A bitter pill for seniors

December 08, 2003|By Benjamin L. Cardin

FOR CENTURIES, the first rule of medicine has been to "do no harm," but Congress has just seriously harmed a program that has provided America's seniors with a lifeline for nearly 40 years. I have long supported providing seniors with a prescription drug benefit within Medicare, but the newly passed Medicare bill will cause more harm than good.

Under the pretext of offering "choice" to seniors and encouraging free-market competition, this bill gives an unfair advantage to private health plans, an advantage that over time will weaken the guarantee of Medicare as we know it.

This bill grants private insurers billions in federal subsidies to encourage them to re-enter the senior market. As in Medicare+Choice, insurers will craft their benefit packages to attract those with fewer health care needs and lower expenses. As younger, healthier beneficiaries gravitate toward cheaper private plans, traditional Medicare will become the insurer of last resort for high-risk, more expensive seniors.

Under a new demonstration program for all Medicare benefits - otherwise known as premium support - the government's contribution will be based on the average cost of providing health care to all beneficiaries, whether in traditional Medicare or private insurance plans.

Because the government's contribution will be capped, seniors in traditional Medicare for the first time will bear the risk of increasing health care costs. In effect, this new legislation shifts the cost of health care from the government to seniors. Medicare today covers only 53 percent of seniors' health care needs. As a group, seniors have the highest out-of-pocket health care burden in our country. This new legislation will make it even worse.

While some may argue that the damage to Medicare is limited because the "competitive" model will affect only six regions starting in 2010, the groundwork has already been set. Starting in 2004, private insurance companies that enter the Medicare market will be paid on average more than 130 percent of the cost to provide the same services under traditional Medicare.

This is unfair. Those in traditional Medicare will be subsidizing seniors in private insurance.

Marylanders understand what relying on private insurance can do to senior health care. In 1997, eight Medicare HMOs covered more than 100,000 Maryland seniors. These private insurance companies enticed seniors to join their plans by offering more coverage than traditional Medicare. After the seniors joined the HMOs, the companies increased premiums and capped benefits. By 2002, these private insurance companies left the Maryland market all together. Since 1997, 2.4 million seniors nationwide have been abandoned by private insurance even though the private plans were paid at 119 percent of the fee-for-service Medicare costs.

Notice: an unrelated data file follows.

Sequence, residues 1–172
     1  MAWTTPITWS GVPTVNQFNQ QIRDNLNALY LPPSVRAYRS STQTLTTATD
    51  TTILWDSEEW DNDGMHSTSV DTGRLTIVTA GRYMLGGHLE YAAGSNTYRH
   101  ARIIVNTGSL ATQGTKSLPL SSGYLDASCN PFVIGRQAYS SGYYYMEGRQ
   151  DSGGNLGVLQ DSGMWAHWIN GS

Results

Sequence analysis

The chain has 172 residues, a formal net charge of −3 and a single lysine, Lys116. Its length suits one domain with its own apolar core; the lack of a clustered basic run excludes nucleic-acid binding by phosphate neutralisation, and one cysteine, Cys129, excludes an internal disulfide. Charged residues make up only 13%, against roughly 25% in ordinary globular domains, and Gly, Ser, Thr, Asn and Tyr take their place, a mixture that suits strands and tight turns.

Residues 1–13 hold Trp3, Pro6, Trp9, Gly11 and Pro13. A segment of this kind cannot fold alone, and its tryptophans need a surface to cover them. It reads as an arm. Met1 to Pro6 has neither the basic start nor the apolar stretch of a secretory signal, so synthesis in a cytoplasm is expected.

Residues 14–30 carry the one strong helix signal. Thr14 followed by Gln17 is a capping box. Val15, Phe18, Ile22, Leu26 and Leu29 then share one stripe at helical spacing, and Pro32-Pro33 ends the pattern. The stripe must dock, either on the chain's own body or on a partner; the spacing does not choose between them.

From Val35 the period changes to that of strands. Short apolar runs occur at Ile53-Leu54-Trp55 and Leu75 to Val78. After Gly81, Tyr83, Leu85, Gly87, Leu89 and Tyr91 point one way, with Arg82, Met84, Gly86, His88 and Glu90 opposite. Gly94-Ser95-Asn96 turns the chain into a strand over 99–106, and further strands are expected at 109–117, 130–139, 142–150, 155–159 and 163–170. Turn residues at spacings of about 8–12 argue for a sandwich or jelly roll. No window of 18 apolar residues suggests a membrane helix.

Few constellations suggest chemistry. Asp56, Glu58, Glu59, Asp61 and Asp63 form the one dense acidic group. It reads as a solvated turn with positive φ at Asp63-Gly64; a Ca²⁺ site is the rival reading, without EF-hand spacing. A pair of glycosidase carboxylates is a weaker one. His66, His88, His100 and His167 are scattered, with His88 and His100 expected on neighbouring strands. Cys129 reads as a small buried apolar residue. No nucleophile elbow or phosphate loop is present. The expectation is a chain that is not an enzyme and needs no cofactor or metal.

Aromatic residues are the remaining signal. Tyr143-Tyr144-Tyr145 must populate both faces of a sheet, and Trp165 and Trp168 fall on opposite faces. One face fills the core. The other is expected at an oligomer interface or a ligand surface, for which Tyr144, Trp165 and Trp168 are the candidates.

At least these seniors could return to traditional Medicare. For prescription medicines, there will be no such protection. The new legislation does not even guarantee our seniors a basic level of prescription drug coverage. If the model that is used for prescription drugs is used in the name of cost containment for other Medicare services, all seniors will be much worse off.

Although advocates for the new legislation claim that it allows private insurance companies to compete with traditional Medicare, the government is not permitted to provide any other coverage, placing the government at a competitive disadvantage.

It is ironic that these same advocates of "free market forces" in basic Medicare have expressly prohibited the federal government from using the power of the marketplace to reduce the cost of medicines. The bill contains language that prohibits the secretary of health and human services from negotiating lower drug prices, a tool that is used effectively in nearly every other industrialized nation.

Another provision in the bill also threatens Medicare's future. The authors have created a new definition of insolvency that caps Medicare's use of general revenues at 45 percent of total Medicare costs and would force the government to cut benefits or raise payroll taxes if this limit is exceeded. If payroll taxes are increased, such a change would disproportionately affect lower-income Americans, shifting the burden of Medicare away from Americans most able to support it to those who are least able to support it.

Congress has passed a Medicare "reform" bill that could undermine the entire Medicare system. In the name of providing seniors with a much-needed prescription drug benefit, we are asking them to swallow a bitter pill that unless changed will have dire consequences for a program they have come to depend upon.

Benjamin L. Cardin, a Democrat, represents Maryland's 3rd Congressional District in the House of Representatives.

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